Wemarkable Wind (I am running out of 'r' words now), phoned back to our hotel for directions. Pete valiantly relinquished a honeymoon souvenir and handed over his map. Relieved, the bedraggled lot thanked their Good Samaritans profusely and we continued our journey. Wind pointed out that their evening would have been better with more 'shoulds'. They should have had a map. They should have had a hotel card. They should have drunk less and they definitely should have left earlier.
Having collected our boarding cards, HF settled down to eat the packed breakfasts thoughtfully prepared by the hotel. Try as I might, at that time in the morning, I just could not get my head or my mouth round the tamarind fruit. For all the world, they looked like bright pink spiky testicles. By inserting thumbs, the inner eyeball was revealed. Yesterday I had loved them. Today they were consigned to the bin.
Hubby was not at his most alert. He managed to set the security alarm off by not removing his waistcoat. Soon after, he was in his favourite slumber pose. Our flight was called for boarding. Gently, I nudged him. 'Not our flight. That one's going to Ho Chi Minh. We're going to Saigon'. It was only when our fellow travellers moved, that he reluctantly realised that for once, I was right. ( if you didn't get that, just Google it!)
On the plane, I developed a fit of the giggles. I can't remember why but it was not helped when Frank, sitting opposite, raised a comical eyebrow. I lost it and only regained it when honeymooner Crystal sternly said, 'Patricia' in her prison officer tone. Now I remember Cell Block H and the woman in the tumble drier so I stopped immediately. Crystal's husband has a similar effect on me. Having Richard Gere's eyes, when he said, 'And sleep!' I drifted away. The only time I have ever nodded off on a plane. No need for my hundred Hail Mary's or Good Morning Csptain, How's Your Lady Wife Routine?. One small bang and we had landed.
Baggage collected, HF were worried. We had lost our illustrious leader. We had become so conditioned to following, we dare not move without him. Should we go or should we stay? (Song there). The decision was taken out of our hands when the good shepherd returned looking for his lost lambs. Having only hand luggage, he had gone straight out and assumed we would meet him outside. Lesson learned.
Baaaa-shfully we followed him to the bus. The Saigon motorbikers are far more conscientious, wearing helmets. That is, the adults wear helmets. The children, sometimes several of them at a time, do not. The official reason being that there are none small enough and the weight would be too much for their necks. I leave you to draw your own conclusion on that one.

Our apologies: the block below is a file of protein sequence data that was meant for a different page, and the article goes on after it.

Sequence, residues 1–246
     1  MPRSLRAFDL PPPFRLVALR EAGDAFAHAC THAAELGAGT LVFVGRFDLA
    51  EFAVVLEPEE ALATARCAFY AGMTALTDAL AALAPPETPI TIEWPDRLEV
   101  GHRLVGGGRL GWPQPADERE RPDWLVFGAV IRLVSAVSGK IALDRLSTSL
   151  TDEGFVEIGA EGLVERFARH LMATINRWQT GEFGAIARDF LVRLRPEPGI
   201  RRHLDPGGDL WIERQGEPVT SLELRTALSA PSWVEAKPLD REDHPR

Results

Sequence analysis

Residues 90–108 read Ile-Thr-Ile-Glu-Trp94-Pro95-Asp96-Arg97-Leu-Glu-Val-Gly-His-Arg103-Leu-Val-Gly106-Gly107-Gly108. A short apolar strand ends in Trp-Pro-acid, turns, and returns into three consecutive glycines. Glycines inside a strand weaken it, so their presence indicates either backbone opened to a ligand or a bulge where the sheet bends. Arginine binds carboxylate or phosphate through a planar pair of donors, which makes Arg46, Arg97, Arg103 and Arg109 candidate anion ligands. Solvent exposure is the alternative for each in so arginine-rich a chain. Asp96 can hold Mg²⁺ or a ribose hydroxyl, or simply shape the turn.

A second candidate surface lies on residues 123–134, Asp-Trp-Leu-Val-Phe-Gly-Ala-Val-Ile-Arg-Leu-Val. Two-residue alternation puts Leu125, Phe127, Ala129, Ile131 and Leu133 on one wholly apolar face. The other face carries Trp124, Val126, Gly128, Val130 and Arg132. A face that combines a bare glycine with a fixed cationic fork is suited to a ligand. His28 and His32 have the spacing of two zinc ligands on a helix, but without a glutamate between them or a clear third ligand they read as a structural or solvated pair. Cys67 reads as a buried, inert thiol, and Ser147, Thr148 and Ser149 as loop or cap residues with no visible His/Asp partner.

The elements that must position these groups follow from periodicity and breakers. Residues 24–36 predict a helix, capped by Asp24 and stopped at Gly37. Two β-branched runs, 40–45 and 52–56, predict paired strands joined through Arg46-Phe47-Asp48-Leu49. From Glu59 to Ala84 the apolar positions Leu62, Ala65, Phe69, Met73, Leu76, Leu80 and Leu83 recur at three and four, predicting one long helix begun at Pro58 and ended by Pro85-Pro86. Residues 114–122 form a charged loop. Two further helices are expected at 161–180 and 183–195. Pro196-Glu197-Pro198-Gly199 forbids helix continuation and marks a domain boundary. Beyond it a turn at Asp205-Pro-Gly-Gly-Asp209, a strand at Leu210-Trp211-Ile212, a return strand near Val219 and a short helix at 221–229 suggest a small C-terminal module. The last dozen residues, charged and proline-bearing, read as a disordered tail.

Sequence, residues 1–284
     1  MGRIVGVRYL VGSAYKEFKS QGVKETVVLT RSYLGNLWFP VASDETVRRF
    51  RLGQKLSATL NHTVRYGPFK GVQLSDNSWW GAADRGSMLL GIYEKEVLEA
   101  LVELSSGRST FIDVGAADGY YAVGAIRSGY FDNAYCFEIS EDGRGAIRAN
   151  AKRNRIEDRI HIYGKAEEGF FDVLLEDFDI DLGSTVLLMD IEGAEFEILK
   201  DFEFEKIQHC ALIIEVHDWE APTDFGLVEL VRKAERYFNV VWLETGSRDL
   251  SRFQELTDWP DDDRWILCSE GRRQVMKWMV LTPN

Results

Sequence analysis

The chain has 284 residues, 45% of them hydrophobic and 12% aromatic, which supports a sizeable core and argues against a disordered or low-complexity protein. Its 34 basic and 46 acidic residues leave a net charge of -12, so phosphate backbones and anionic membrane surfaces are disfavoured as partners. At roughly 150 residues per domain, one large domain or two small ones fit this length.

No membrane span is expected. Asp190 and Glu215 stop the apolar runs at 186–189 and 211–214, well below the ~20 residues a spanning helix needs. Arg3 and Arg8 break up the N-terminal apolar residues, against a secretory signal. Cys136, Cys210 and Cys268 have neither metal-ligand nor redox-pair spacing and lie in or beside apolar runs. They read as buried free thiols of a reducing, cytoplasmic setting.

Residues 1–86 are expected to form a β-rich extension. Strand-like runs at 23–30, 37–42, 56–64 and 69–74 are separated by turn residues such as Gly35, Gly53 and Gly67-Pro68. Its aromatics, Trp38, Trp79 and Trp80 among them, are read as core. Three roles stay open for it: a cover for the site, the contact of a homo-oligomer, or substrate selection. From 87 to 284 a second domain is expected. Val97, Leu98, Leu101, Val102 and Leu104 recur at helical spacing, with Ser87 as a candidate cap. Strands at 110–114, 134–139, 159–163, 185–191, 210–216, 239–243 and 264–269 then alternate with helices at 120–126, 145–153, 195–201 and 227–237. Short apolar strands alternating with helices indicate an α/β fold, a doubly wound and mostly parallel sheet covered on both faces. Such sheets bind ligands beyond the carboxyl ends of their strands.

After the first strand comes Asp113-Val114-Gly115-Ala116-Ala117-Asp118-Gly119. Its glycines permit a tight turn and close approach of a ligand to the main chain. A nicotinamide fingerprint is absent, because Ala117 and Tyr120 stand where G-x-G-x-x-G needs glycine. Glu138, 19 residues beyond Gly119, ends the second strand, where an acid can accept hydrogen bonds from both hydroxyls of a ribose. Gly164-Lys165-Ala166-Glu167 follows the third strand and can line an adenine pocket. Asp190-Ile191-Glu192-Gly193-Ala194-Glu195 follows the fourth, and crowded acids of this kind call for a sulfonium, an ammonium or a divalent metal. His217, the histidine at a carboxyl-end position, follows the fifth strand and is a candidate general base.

But the children do look happy on the bikes as did the little boy playing at his parent's brickworks. We visited there on our cruise down the Mekong River. It was very interesting learning how to make bricks but I don't think it is a skill I will develop. Nor will I encourage Hubby. I would not like to be a brickie's wife on two counts. Firstly, washing bricks all day would play havoc with my nails. Secondly, depositing my personal bricks could be problematic as Nurse Judy found out.
Being took short, she was in need of a toilet. She confused Wondering Wind when she said she needed a Number 2. Eventually she clarified it in terms of the bear that likes honey. The only option was to walk out on parallel planks, hanging on to bamboo poles and adopt the squatting position. Gutsy Judy went ahead and played an individual game of Pooh sticks. Off they went down the stream into the Mekong River. The same river where people wash, swim and catch fish to eat. That's how it is folks. And they dio it with smiles on their faces.
So down the river we sailed to Sweetie Heaven. Using a primitive yet creative way to grind the coconut for using to create a delicious toffee. It should be marketed in the UK. Can you hear me Gordon. Coconut flavoured crackers and sugared ginger were other tasty treats for sampling and buying.
The braver amongst us sampled the evil looking snake rice wine. I preferred the real thing and rather enjoyed having a python weave its way around my body. I would say that it's a long time since I've had a long, warm thing between my legs, but I won't because Hubby will give me that look! The one that means I am being too naughty. Sorry dear. I just couldn't resist.
A very wich Wind took us to his 'home' for lunch. An old but extremely well-preserved (like me) colonial house. It was like the set from 'Out of Africa'. Pretty girls in traditional costume brought course after course. The highlight, for me, was the Elephant Ear Fish. It looked and tasted fabulous. Sadly, not much meat on it, but I don't suppose there's much meat on an elephant's ear. Rose resorted to picking through the bones for every last tasty morsel.
Thunderclaps and heavy rain were a fore warning of problems ahead. Communication and cultural differences led to a misunderstanding over the bill. Wise Wind was summoned and resolved the issue in his usual unflappable manner.
From the humid heat to the extreme cold on the bus. The day had seemed so long and tiring. All I wanted was my bed. And what a bed it was ! But no one could resist Wind's invitation to join him in the lobby for a surprise. This lovely man had arranged a special Happy Family meal for us all. A pianist ticked the ivories, the service was superb, the food extreme yummy and the company, as always, top notch. Conversation flowed and Happy Family were harmonious. A fitting almost end to a fantastic tour!